person at table holding pen and looking through papers with contractor

The Best Way to Communicate with Your Contractor

Establishing a productive and successful relationship with your contractor will require a solid set of communication skills. After all, he or she is going to be the one who will help you turn your living space into the one you’ve been dreaming about. Here are some of the best ways to communicate with your contractor:

Be clear. Make sure you are in agreement with your spouse or significant other about any remodeling issues, so that your contractor doesn’t have to run interference between you. If there is a conflicting vision for the master suite, stress levels will be higher than is necessary, and completing the work will become next to impossible.

Schedule talk time. If you have questions about the project or if you want/need daily or weekly updates, set up a specific time to talk with your contractor instead of pulling them away from the job site to do so. When it comes to small details or problems that can be easily resolved, use email to communicate.

Know yourself. Assess yourself honestly and be aware of the kind of client you are likely to be so that when you choose your contractor you can be confident that they can work with you effectively. Be clear with both yourself and your contractor as to whether you are hands-on or hands-off. Are you a bit of a control freak? Be honest about it. Are you extremely concerned about costs, or is your attitude more “the sky is the limit”? Perhaps you are the creative type and truly love coming up with unusual design elements, or maybe you are traditional in your thinking; your contractor will appreciate knowing just how to approach you and your project.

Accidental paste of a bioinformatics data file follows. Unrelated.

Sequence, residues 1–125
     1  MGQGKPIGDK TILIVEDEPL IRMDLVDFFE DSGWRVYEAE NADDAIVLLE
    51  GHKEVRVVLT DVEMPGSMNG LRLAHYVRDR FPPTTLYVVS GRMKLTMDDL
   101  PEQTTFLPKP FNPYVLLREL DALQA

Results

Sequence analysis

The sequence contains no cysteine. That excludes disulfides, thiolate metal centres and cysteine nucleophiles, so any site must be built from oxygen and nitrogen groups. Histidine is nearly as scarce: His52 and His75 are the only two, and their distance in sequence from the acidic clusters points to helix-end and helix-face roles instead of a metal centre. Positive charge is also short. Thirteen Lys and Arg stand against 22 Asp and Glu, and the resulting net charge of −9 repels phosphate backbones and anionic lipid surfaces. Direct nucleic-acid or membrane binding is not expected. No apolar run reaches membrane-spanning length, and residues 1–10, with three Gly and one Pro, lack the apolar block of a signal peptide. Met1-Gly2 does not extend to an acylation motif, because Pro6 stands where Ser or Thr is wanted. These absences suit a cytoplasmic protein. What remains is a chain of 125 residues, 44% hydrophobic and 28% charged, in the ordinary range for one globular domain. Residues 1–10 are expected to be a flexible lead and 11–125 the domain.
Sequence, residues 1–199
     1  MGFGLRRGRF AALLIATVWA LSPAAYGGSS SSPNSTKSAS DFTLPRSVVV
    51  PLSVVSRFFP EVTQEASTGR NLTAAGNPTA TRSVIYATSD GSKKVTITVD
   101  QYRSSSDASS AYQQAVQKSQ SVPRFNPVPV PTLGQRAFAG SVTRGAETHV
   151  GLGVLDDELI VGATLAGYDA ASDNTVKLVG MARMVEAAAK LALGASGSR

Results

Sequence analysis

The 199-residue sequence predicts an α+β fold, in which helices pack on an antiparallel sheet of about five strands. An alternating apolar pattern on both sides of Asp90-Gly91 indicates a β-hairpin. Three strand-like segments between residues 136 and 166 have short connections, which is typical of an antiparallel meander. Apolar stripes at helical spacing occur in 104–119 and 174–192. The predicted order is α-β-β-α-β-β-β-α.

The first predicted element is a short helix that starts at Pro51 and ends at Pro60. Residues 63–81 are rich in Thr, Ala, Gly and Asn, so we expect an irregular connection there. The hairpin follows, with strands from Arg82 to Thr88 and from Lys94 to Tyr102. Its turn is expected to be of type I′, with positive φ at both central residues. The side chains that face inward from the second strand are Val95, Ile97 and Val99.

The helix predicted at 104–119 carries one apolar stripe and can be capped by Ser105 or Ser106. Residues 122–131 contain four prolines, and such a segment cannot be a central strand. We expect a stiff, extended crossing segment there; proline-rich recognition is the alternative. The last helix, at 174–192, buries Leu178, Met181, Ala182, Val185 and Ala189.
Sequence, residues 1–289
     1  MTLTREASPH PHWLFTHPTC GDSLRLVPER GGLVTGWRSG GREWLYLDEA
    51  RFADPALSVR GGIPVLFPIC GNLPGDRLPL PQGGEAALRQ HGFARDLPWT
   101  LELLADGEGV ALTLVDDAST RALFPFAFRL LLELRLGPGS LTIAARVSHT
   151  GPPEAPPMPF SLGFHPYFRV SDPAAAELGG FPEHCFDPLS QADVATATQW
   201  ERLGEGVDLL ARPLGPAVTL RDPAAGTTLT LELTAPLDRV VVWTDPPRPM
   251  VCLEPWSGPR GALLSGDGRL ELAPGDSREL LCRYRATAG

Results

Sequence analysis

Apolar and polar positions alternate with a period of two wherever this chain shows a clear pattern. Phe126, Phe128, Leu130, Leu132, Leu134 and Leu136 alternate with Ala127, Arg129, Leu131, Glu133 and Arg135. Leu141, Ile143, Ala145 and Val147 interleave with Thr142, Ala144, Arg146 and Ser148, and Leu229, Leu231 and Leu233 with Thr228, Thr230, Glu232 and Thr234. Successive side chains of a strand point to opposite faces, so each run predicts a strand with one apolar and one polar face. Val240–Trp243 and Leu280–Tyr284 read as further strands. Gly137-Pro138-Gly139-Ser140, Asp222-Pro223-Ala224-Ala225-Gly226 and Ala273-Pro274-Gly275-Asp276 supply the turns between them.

Be flexible. Understand right from the start that remodeling completion dates have a tendency to come and go. Small, unavoidable changes can set the project back easily, and weather can often be an obstacle as well. Treat your start and finish dates as achievable goals, and don’t sweat the small stuff.

Understand your contractor’s environment. A contractor working in an urban area often has different resources than a contractor in a rural area will have. If you are remodeling a cabin in the wilderness, be aware that your contractor very likely will have considerations when obtaining manpower and materials that another one in a city would not. Scheduling inspections may take a bit longer to set up, and travel time may be more extensive for all involved. Lumber may come from 100 miles away, and if your contractor runs short of something, it might take several days to obtain what is needed.

The team at Ascension General Contractors is committed to completing your project in a timely and professional manner.